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California Electric Vehicle Penetration – Granular Maps

Earlier this week, the California Department of Motor Vehicles posted a granular data set with vehicle registration details by zip code, vehicle type (gas, electric, plug-in-electric, hybrid, etc), model year, and make (e.g., Tesla, Toyota, etc.). The data runs through October, 2018. Because it includes all vehicles, it provides insight into the penetration of electrified vehicles overall and by model year. We decided to visualize it, make it interactive, and share it. Enjoy.

We’ll be visualizing vehicle penetration data from Massachusetts and New York relatively soon. If you know of other states that provide granular vehicle data, drop us a note and we’ll add them to our list.

Click Image to go to Interactive Map

Summer Demand Response Changes at PJM

PJM recently released an updated 2019 Peak Load Forecast, the primary change being the inclusion of approved Peak Shaving Load Adjustments for summer-only demand response programs (report and supporting data available at: http://www.pjm.com/library/reports-notices.aspx).

Demand Side Analytics has prepared a report for the Consumer Advocate of PJM States which provides a high-level overview of the PJM change and explores implications for program administrators. We focus on three primary areas: 1) understanding load forecast adjustments and the implications for participation and timing, 2) Offer Strategy and Considerations, and 3) Price Suppression Effects. The full report is available here.

Peak Shaving Adjustments

Historically demand resources such as demand response and energy efficiency have entered the market as supply and been eligible to compete alongside traditional supply side resources (power plants) in a competitive auction to fulfill the resource requirements for the region. Demand response resources such as utility direct load control of central air conditioners have recently encountered difficulty participating in the market due to PJM’s “capacity performance” definition of generation capacity. A Peak Shaving Adjustment (PSA) offers a fundamentally different means for demand response to participate in the Reliability Pricing Model (RPM). Instead of being treated as supply that is capable of fulfilling resource requirements, a Peak Shaving Adjustment enters the market on the demand side. The characteristics of the shaving are used to create modified peak load forecasts.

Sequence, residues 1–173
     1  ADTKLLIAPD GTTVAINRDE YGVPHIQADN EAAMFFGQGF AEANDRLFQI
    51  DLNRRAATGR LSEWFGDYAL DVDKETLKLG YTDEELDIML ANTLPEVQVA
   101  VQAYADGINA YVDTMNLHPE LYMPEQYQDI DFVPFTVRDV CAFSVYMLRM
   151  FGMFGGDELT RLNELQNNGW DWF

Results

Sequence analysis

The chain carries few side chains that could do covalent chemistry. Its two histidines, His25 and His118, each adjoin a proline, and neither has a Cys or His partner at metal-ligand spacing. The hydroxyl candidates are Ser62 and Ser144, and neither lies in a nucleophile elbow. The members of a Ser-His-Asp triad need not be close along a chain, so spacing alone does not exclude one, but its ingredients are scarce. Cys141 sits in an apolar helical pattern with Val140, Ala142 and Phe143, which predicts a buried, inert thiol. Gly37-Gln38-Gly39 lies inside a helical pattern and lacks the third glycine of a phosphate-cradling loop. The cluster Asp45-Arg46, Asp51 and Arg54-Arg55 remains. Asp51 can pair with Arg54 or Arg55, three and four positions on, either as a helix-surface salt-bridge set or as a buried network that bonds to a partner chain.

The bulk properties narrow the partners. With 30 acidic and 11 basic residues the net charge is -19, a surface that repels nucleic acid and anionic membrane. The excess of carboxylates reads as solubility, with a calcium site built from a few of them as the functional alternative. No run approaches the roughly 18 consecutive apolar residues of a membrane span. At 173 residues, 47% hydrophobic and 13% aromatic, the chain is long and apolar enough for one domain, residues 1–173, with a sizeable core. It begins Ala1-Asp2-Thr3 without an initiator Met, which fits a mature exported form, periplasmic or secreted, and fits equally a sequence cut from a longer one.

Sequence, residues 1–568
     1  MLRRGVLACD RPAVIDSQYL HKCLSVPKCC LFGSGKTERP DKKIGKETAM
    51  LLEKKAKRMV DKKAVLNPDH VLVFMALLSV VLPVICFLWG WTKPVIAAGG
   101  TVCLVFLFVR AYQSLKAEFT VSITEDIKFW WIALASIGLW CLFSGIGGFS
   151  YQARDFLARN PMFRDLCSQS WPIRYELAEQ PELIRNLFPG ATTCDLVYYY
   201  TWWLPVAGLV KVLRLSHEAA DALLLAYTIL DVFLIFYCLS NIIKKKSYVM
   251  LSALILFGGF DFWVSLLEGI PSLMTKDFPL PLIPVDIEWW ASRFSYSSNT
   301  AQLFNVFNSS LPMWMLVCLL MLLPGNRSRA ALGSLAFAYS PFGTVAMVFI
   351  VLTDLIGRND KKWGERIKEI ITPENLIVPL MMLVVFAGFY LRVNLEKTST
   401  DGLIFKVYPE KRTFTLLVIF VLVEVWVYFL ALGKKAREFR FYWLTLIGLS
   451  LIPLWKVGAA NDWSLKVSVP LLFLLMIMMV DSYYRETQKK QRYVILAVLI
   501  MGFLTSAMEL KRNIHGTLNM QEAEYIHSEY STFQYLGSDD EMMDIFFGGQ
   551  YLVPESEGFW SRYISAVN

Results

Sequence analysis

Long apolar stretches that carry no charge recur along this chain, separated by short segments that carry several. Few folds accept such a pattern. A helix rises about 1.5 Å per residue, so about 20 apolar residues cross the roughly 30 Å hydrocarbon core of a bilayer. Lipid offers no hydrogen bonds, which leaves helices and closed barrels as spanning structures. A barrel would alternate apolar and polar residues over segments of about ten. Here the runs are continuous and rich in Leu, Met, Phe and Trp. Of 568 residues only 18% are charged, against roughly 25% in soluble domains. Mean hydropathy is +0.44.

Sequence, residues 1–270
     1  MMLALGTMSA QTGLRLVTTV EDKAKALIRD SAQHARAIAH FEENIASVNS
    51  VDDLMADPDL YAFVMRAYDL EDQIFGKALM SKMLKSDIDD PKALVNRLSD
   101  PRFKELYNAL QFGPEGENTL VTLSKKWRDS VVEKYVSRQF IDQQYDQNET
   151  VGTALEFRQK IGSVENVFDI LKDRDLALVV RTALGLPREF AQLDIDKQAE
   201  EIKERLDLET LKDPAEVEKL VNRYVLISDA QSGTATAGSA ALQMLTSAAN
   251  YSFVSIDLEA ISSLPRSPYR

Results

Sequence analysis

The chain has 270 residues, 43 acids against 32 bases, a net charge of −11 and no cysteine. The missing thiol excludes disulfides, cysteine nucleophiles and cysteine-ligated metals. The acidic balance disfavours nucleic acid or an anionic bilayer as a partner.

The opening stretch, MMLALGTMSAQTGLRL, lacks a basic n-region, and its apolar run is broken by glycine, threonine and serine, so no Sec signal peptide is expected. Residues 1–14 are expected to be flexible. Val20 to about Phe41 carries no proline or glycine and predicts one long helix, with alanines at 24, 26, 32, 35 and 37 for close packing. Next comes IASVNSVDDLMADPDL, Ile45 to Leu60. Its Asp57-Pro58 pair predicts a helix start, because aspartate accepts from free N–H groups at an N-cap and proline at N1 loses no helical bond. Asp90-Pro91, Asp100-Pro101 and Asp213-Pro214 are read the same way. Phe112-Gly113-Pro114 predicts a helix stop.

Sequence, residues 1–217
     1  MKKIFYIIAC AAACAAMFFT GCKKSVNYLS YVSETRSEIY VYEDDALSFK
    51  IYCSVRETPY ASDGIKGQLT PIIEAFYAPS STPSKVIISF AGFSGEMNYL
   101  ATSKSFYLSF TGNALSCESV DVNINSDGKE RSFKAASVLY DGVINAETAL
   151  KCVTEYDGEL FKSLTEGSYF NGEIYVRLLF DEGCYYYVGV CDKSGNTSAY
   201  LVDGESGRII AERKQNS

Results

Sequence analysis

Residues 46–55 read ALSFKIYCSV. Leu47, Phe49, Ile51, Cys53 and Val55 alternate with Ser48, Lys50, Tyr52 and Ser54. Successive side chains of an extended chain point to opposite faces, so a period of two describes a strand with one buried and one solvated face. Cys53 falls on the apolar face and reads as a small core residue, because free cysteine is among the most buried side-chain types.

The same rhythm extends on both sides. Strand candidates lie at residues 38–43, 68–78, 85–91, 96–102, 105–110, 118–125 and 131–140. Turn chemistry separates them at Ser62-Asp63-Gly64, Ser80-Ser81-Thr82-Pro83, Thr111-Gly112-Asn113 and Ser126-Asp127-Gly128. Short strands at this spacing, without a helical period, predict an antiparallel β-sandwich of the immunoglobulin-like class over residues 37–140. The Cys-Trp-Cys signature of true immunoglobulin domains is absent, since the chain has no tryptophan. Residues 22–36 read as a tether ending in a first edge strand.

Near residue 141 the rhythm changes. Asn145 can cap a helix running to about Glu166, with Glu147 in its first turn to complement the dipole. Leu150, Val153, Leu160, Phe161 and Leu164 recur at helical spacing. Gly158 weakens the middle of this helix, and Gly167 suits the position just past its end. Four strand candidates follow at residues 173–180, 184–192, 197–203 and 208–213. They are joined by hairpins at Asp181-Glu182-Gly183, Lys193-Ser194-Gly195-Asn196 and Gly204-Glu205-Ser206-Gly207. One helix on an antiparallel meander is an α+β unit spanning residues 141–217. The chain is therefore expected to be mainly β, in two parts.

In the report we discuss the factors that affect how a Peak Shaving resource will affect the Variable Resource Requirement, key design components as adopted by PJM, and the implications of barring dual participation.

Offer Strategy

The peak shaving “pledge” happens before the auction so there’s some uncertainty with regard to the value of a commitment it is made. If you have a state program/resource, or are contemplating developing one, how do you balance maximizing the load forecast adjustments while maintaining cost effectiveness? For example, would it be better to shave 100 MW for three hours on all days hotter than 95 degrees, or shave 50 MW for 5 hours on all days hotter than 90 degrees? In the report we explore the effects of:

  1. System Load characteristics – how the amount of summer vs. winter peaking risk affects compensation, and considerations of event frequency vs. duration.
  2. Weather – varies from year to year, but commitments are based on THI thresholds. If predicting performance based on median weather what is the risk in extreme weather years and the cost/benefit calculus of underperforming.
  3. Customer rotation – how frequently can customers reasonably be called without fatigue?

Price Suppression